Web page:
Black people’s historical struggle to win and exercise the right to vote points out that the vote is as an aspect of democracy.  However it also points out, that Black people must organize and mobilize mass based power to enforce and expand democracy in the interests of the masses of Black people and the working class.  If not, the vote represents democracy without substance.  That is not what our movement struggled for.   

There is no single Black or multi-racial organization, capable of intervening in the Black spontaneous struggles and giving them national leadership and a direction toward self-determination that builds Black working class power as an expression of the will of the Black majority.  The demand for self-determination by many organizations does not make clear how it will empower the Black working class majority and the various social categories  of oppression that are intensified by Black national oppression. Black people want to know what kind of society revolutionary change seeks to build; and want and need to be organized to exercise transformative power to bring that society into being.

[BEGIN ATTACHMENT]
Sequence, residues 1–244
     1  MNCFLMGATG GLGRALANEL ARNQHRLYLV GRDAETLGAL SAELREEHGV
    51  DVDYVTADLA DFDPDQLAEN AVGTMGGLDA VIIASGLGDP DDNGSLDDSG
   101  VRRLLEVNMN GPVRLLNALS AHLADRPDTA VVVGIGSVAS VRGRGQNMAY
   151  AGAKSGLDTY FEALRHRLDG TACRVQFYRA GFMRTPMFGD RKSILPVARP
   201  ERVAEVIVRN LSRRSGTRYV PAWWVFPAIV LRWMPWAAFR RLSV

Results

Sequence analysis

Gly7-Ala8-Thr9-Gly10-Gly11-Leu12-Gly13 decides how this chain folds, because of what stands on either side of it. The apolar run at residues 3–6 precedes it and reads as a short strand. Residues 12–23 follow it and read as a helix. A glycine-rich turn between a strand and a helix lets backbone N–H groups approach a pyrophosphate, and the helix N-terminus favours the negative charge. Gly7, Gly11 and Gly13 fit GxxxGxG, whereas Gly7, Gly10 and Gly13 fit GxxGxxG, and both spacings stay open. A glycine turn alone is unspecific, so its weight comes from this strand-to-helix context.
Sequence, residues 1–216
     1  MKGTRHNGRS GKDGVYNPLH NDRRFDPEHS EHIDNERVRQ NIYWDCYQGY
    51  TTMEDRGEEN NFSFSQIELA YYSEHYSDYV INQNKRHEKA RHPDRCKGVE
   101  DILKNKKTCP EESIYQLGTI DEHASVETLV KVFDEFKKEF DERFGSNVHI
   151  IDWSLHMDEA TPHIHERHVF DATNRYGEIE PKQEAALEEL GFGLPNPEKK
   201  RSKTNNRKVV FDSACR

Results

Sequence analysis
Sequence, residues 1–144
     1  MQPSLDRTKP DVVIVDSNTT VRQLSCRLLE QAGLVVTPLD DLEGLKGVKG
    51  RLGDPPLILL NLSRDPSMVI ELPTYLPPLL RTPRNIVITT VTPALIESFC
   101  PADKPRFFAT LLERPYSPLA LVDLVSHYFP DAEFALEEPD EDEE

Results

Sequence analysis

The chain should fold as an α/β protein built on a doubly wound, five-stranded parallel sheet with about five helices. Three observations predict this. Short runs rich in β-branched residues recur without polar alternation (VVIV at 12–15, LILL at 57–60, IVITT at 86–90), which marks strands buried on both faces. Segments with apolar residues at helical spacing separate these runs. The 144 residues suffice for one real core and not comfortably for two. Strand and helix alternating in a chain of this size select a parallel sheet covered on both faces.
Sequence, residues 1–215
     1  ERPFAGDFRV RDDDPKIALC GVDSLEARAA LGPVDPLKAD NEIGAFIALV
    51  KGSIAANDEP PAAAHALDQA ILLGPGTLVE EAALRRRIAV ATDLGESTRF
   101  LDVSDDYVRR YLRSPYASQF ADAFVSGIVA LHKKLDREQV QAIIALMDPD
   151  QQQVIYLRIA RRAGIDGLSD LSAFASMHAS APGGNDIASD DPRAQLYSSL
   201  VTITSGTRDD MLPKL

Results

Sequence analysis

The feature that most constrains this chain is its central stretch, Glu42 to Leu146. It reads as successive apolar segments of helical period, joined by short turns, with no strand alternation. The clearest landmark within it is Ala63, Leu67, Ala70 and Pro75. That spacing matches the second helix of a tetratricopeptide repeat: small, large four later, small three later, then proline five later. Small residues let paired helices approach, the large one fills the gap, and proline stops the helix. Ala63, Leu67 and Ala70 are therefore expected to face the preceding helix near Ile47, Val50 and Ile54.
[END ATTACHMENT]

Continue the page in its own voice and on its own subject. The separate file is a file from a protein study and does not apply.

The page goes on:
The BLUN is a developing effort aimed at building the unity of Black left forces to begin an initiative of regroupment of the Black liberation movement as a conscious political framework that connects Black majority social movements and mass organizations and parties to a transformative program that empowers the Black majority as an expression of African American self-determination.

The BLUN as a Black left initiative sees that its unity must also bring about a concentration of work in the Black working class in order to help develop it as a conscious and leading revolutionary force of the Black liberation movement and the US anti-imperialist movement.

The BLUN initiative has been an ongoing and difficult effort for the past 3 years. With the pulls on the Black left, many who are leaders in the social movements, it has been hard to convince them that Black left unity should be one of their main a priorities.